The largest salt pans in the world, spanning over 16,000 km² (9,942 m²), the Makgadikgadi Pans are an awe-inspiring sight; a vast sea of white that was once the centre of a huge lake that evaporated more than 2,000 years ago. Remnants of an ancient lake, the pans are interspersed with sandy desert and occasional vegetation, and is home to one of Africa’s largest zebra populations. When the rains fall during the wet season, the pans fill with water and attract large numbers of zebra, springbok and wildebeest, followed closely by predators, making for fantastic game viewing.
Shimmering miles of white are made up of surreal landscapes where flocks of swallows soar in ragged formation and elephant tracks appear seemingly out of nowhere, blend into a sense of endless space. In the midst of this nothingness lies Kubu Island, a granite outcrop walled with companies of baobab reaching stubby branches towards the sky.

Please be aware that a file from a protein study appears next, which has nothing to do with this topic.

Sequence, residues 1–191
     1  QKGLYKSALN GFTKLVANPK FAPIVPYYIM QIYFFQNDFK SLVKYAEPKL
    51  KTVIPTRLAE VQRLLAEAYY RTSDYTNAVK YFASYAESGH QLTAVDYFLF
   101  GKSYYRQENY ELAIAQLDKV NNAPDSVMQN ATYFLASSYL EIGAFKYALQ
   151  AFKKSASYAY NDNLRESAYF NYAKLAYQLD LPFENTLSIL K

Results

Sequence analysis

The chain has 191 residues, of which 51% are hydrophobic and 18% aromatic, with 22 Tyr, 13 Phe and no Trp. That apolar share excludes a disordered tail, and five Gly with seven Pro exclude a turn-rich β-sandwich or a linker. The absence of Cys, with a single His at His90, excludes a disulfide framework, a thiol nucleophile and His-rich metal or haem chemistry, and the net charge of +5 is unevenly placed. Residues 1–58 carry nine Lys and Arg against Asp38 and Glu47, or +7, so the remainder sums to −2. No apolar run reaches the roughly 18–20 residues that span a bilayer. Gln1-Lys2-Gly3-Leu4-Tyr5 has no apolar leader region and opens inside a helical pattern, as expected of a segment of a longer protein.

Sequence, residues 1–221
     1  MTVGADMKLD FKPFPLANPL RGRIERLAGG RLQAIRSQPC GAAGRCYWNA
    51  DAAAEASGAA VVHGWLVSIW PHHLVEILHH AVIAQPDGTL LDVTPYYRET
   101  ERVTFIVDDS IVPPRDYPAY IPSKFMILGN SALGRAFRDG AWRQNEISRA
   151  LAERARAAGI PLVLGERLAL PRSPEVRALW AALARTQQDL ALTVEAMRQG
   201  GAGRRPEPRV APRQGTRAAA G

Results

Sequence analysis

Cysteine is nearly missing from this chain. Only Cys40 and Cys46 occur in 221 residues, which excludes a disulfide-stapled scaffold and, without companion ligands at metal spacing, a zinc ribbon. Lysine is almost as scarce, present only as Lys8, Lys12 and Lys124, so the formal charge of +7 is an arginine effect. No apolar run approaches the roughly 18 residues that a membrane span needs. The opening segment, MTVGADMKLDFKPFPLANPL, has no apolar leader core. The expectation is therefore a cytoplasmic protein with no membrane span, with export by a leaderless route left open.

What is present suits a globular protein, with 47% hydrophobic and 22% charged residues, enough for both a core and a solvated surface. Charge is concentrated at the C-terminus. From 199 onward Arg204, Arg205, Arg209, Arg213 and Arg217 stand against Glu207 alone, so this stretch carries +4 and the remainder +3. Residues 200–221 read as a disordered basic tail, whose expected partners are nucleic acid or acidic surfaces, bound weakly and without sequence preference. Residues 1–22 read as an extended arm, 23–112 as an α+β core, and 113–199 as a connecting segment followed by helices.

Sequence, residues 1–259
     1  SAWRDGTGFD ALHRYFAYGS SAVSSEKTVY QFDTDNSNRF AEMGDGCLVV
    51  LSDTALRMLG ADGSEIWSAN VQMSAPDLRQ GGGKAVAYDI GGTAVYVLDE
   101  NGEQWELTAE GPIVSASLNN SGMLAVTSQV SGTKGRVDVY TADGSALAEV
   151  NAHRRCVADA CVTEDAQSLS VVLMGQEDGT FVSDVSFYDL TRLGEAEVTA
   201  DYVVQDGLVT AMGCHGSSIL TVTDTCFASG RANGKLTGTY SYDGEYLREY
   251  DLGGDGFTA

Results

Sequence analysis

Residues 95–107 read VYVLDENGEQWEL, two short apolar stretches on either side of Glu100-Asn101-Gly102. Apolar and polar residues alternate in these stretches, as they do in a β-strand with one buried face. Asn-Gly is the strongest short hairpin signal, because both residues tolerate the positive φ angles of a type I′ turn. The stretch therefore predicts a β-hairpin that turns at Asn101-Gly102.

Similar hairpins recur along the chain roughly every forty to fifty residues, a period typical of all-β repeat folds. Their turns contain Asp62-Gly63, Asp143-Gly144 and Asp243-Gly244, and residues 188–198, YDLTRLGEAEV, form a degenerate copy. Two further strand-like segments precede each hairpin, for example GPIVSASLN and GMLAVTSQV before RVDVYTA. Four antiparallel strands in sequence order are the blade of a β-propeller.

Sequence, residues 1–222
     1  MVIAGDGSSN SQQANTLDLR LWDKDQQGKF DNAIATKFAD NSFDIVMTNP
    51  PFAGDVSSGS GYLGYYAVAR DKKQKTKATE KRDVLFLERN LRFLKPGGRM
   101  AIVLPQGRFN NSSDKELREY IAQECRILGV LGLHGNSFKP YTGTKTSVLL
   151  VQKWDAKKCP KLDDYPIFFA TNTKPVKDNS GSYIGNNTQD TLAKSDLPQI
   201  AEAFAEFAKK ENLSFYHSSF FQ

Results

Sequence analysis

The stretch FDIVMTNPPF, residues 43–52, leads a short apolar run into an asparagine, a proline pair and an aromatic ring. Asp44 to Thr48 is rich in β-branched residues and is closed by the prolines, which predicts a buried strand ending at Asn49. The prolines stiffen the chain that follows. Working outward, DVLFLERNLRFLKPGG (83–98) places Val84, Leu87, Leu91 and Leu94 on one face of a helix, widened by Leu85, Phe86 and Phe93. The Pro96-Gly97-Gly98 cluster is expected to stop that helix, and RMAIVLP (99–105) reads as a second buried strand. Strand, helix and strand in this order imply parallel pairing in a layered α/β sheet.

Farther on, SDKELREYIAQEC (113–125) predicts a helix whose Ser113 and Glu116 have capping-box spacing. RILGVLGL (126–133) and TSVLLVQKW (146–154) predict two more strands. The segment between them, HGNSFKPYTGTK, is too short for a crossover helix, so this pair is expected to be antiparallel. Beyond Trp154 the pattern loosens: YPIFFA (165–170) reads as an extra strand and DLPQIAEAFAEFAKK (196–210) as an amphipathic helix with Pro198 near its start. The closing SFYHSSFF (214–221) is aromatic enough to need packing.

In this extraordinary and almost lunar landscape guests can stand on the spot where the mighty Zambezi River once flowed into a gigantic lake that covered these pans, leaving behind a beach full of smooth pebbles. At the world’s biggest breeding site of greater flamingos, unusual mud nests wait for their inhabitants’ annual return.